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Hooper: 'We've got a lot more in us'

REACTION: Michael Hooper believes the Wallabies still have another gear to go following their win over Springboks on the Gold Coast on Sunday.


The Wallabies recorded a hard-fought 28-26 win over the Springboks on Sunday.

The win comes after three comprehensive losses to New Zealand and a tight 2-1 series win over a France side missing a host of their best players.

“The match came down to the wire, and that is the case with most of the games against South Africa, especially in the way they play, ” Hooper told reporters after the win.

“But we were smart, we got into their zone and took the points and build a score.

“I think we’ve got a lot more in us.  In the way that we could move the ball around and receive their kicks.

“So what we do know is that next week [in a Brisbane rematch] we have to level up again.


“But we’ll savour this one for the moment because there’s plenty of great stories there.”

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The Cooper factor

The Springboks outscored the Wallabies three tries to one, however, it was Quade Cooper’s flawless performance from the kicking tee that proved to be the difference.

Cooper slot a perfect eight off the tee, including the match-winner after the siren from 40 metres out and 12 metres in from touch.


“We didn’t think it was a risk,” Rennie said of picking Cooper, who hadn’t played a professional game in five months.

“He was close to starting the week before and based on form [in training] it was hard to leave him out.

“He was confident and his experience made a difference,”

Cooper is now in the box seat to keep Noah Lolesio on the pine and also delay what appeared the inevitable Rugby Championship return of James O’Connor [groin], who at 31 could become the junior playmaker of the side.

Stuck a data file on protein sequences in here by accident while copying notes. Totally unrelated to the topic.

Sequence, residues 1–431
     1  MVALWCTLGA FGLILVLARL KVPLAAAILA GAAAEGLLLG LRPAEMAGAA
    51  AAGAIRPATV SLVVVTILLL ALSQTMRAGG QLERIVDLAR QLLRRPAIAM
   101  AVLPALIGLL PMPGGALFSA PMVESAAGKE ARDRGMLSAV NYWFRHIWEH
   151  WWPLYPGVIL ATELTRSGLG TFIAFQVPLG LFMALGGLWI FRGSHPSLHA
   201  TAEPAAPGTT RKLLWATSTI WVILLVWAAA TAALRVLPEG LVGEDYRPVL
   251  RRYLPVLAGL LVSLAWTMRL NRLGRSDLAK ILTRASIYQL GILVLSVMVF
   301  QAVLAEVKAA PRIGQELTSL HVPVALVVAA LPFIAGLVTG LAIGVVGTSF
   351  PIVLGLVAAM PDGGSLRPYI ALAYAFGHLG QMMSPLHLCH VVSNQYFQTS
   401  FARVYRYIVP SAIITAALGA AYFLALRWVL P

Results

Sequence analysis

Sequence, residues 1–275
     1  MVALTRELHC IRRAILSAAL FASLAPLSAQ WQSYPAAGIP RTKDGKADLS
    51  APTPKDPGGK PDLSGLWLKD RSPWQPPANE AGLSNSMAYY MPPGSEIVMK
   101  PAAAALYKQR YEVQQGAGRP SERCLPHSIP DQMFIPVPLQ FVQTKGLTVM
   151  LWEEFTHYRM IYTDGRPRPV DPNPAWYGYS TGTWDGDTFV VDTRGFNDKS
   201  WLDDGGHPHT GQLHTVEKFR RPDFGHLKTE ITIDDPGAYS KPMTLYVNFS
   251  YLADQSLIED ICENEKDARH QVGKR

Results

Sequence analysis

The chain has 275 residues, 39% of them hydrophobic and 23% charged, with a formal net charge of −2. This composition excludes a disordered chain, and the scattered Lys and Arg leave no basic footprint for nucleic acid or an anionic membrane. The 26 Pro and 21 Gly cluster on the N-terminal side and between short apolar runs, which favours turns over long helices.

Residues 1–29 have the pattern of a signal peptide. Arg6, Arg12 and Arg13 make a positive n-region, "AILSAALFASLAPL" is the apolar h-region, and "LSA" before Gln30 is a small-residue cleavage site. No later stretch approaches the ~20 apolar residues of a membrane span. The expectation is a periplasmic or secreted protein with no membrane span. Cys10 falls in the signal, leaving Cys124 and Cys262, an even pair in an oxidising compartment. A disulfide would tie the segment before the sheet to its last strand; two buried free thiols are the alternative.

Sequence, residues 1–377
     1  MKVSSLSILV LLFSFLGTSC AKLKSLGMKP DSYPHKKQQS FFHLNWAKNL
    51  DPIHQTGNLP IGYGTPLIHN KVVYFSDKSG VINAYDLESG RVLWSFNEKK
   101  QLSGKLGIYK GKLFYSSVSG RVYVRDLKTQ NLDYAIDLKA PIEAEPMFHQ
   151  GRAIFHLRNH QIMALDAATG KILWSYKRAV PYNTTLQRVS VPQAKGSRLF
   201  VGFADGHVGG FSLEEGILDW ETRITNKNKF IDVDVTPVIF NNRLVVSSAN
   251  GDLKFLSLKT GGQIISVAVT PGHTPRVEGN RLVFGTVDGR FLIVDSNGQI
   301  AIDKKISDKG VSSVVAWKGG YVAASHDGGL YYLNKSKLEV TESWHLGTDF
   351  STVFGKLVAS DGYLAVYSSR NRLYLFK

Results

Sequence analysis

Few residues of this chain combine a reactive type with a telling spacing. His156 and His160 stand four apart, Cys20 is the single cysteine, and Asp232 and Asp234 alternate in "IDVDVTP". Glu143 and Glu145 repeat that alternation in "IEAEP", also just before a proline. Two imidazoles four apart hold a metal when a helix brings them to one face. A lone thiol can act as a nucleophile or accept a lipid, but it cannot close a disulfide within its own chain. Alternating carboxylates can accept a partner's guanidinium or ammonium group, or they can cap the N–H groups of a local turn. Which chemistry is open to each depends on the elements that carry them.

When asked if Cooper’s chances of making the World Cup team in 2023, Rennie said “of course” a 35-year-old  Cooper could lead the Wallabies into the next World Cup.

That scenario would have seemed bizarre even after the 33-year-old was drafted into the squad during his Japanese off-season, primarily as a mentor to budding Lolesio, earlier this year.

“He’d be a young fella [at the 2023 World Cup] if he was in the Springbok team,” Rennie said.

“Of course he could [be Wallabies No.10 at the World Cup], but we’re not thinking too far ahead at this stage.

“He was excited to get an opportunity and delivered big time and I know he’s keen and available for the rest of the year and we will make a call beyond that,”

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Less was more for Cooper in his 71st Test, resisting the urge to throw long cut-out passes and instead servicing his outside men with sharp, clean ball or kicking for territory.

His pass to Samu Kerevi set up Andrew Kellaway for Australia’s only try while the Springboks, fresh off a 2-1 series win over the British & Irish Lions and two straight wins over Argentina, scored three rolling maul tries.

But the Wallabies showed they have the low gears necessary to beat the visitors, who were at full strength aside from injured wing Cheslin Kolbe, at their own game.

Cooper was cast aside by former Wallabies coach Robbie Deans and incoming Queensland Reds coach Brad Thorn before moving to the Melbourne Rebels and then to Japan, where he remains contracted to second-tier outfit Kintetsu Liners.

Still waiting to hear if he’s been granted Australian citizenship after four failed attempts – “fingers crossed” he said post-game – New Zealand-born Cooper admitted he had made an effort to become a better man after spending his youth as simply “Quade Cooper, the Wallaby”.

An ironic by-product of that has been his Wallabies second-coming.

And now, with fellow returning Japan-based stars Kerevi and Sean McMahon, who will join camp next week, he has given captain Michael Hooper another wise head to turn to.

“He was calm, made good decisions, gave us a bit of direction, it was pleasing to have him here and it’s a great story for him,” Hooper said.




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